Booklet printing with LaTeX


In another episode of "there was something very peculiar I wanted to do, there existed no decent guides on the internet, so here is mine": booklet printing. I had the need to turn a LaTeX document I had produced into something physical which could be taken with me easily. After a few days of research and experimentation and some wasted paper, I arrived at a very satisfying result. There is something about real-life printed books (even a small one) which cannot be translated to digital media. So here is how you can do the same for any PDF document you might have.

One learns many things in university. To the horror of my former teachers, if I had to elect the most useful and enduring skill I learned back then, one which I use extensively to this day… learning to use LaTeX effectively would be among the primary choices. From notes to presentations to books to the images in this very post, few tools are more essential to my daily routine.

While most of the time the desired output for a LaTeX document is a good old PDF file, I recently had the need and the inspiration to produce something physical. In this case, the most appropriate form was a booklet, or small book. That is, instead of the usual A4 single- or double-sided print, a series of A4 pages is printed in a specific format, folded in half, and bound together, producing a small book with pages of size A5.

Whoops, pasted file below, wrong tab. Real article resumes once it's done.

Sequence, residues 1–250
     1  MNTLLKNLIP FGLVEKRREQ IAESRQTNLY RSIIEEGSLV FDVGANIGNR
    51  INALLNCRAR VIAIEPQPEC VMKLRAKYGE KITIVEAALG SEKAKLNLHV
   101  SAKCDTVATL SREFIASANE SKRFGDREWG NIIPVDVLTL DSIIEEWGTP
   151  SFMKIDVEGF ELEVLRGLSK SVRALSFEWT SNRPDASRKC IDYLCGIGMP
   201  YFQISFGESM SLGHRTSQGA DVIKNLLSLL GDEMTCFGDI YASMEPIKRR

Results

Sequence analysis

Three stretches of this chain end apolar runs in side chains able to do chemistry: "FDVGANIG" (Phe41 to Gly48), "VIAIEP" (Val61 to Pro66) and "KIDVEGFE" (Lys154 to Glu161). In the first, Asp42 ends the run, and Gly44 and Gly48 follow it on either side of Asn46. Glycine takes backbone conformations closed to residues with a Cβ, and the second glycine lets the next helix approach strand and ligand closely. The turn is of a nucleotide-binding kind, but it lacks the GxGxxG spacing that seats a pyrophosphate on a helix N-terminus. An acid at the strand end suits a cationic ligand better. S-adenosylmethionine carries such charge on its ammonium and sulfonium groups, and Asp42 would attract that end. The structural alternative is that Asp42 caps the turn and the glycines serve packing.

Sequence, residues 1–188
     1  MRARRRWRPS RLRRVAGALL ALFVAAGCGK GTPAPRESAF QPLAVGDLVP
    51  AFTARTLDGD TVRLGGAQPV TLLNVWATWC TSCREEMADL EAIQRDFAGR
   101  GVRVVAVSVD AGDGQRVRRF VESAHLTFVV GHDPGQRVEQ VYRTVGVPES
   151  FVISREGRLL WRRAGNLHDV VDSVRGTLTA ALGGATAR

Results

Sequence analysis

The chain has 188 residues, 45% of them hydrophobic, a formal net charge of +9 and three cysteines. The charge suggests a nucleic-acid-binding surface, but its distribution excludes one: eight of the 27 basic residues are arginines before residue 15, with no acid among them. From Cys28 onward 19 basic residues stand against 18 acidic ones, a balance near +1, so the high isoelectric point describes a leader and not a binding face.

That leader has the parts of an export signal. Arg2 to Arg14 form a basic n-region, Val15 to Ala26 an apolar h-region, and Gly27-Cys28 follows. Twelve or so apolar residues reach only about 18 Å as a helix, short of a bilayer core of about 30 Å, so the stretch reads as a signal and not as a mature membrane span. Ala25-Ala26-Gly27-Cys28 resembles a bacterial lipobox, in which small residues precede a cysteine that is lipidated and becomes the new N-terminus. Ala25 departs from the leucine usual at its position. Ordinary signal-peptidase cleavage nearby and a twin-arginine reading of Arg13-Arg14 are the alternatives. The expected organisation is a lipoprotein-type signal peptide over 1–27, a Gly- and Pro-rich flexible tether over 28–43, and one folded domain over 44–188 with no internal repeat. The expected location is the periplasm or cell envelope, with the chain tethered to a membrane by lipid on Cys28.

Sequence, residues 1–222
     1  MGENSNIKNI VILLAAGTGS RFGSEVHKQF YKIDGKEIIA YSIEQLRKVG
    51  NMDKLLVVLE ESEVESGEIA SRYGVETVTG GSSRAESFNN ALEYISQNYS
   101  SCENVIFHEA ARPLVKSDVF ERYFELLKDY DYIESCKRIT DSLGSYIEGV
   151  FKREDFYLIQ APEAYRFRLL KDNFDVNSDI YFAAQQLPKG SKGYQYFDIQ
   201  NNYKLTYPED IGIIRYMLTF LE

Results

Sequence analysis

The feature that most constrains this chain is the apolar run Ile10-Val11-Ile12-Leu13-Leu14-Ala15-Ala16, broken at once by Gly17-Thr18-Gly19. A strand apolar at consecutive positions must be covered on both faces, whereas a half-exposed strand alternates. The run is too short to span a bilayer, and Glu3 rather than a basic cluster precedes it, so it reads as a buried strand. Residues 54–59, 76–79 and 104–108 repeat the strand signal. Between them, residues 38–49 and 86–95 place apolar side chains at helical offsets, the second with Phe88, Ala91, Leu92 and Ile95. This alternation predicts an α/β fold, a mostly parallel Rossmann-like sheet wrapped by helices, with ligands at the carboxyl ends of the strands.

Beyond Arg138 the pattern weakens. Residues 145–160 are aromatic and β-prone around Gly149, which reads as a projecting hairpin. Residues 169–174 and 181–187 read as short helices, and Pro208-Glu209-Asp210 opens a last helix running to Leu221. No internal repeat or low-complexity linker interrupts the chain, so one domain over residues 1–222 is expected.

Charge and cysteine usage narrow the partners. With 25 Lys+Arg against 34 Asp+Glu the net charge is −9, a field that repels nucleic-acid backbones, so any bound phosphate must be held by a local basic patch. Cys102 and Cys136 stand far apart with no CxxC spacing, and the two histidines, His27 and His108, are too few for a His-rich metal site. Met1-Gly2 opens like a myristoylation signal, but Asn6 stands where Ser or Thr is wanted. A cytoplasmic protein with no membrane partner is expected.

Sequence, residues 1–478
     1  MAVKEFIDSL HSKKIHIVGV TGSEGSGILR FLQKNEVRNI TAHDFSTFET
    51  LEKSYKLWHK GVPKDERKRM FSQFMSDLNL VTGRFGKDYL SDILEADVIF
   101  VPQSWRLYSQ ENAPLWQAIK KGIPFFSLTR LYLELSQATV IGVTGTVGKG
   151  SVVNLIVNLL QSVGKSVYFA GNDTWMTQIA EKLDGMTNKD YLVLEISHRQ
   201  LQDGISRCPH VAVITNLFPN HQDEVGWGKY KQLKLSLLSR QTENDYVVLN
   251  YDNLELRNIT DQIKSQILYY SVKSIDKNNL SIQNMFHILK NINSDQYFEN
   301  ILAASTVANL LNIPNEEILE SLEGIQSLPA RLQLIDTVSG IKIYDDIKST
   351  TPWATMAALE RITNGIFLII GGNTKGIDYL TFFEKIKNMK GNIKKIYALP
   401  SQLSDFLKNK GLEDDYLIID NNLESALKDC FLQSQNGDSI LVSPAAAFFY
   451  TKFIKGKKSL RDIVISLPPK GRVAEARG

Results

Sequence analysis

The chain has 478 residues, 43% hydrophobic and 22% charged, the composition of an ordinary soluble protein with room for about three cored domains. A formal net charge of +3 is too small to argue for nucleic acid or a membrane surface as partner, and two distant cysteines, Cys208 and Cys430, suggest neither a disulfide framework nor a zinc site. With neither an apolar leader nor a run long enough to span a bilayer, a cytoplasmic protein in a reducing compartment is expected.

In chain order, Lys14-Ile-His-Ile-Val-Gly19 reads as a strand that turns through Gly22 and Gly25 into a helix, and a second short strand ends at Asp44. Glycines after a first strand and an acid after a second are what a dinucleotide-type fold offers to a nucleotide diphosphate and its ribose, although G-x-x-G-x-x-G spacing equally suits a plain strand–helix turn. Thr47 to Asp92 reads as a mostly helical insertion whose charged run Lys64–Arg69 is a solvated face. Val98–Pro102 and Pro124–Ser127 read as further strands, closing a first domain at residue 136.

booklet size

While that is a common option in printers and printing programs, it can also be done as a post-processing step of a regular PDF file. And although the process is not complex, I found it rather difficult to aggregate information about the several different programs, not to mention understanding the printing vocabulary, to arrive at the final result. So here is a summary and a guide.


This first part will start from the very beginning, creating a PDF file out of nothing. Feel free to advance to the next if you already have a document and just want to format and print it, but do keep in mind the dimensions of this format are not appropriate for some types of content, at least unchanged, as discussed below.

Other than the few options described in this section, the document itself can be composed however desired. Defining these options early, however, reduces the need to reformat the content later to adjust it to the reduced dimensions.


Every LaTeX document starts with a documentclass declaration. It defines the overall structure of the content and the sections that compose it. Any class could potentially be used for a booklet, but \documentclass{book} is the most appropriate since it has two-sided pages, chapters and sections, etc.

Other than the name, another important part of the document class are the options, which go inside [brackets] between \documentclass and {book}. Relevant here are:


The book document class predefines very spacious margin sizes. This is intended to produce lines with a reasonable number of characters (below 80, as God intended) to facilitate reading. With the reduced page size and a larger font size, it will probably be necessary to adjust the margins. This can be done with the geometry package. The final set of options I used was:

    a4paper, heightrounded, includefoot, includemp, marginparwidth=0pt,
    top=1cm, bottom=1cm, outer=1cm, inner=2cm,

This package is also useful for creating title pages (or any page with different margin sizes), e.g.:

    % title page text/commands

Printing vocabulary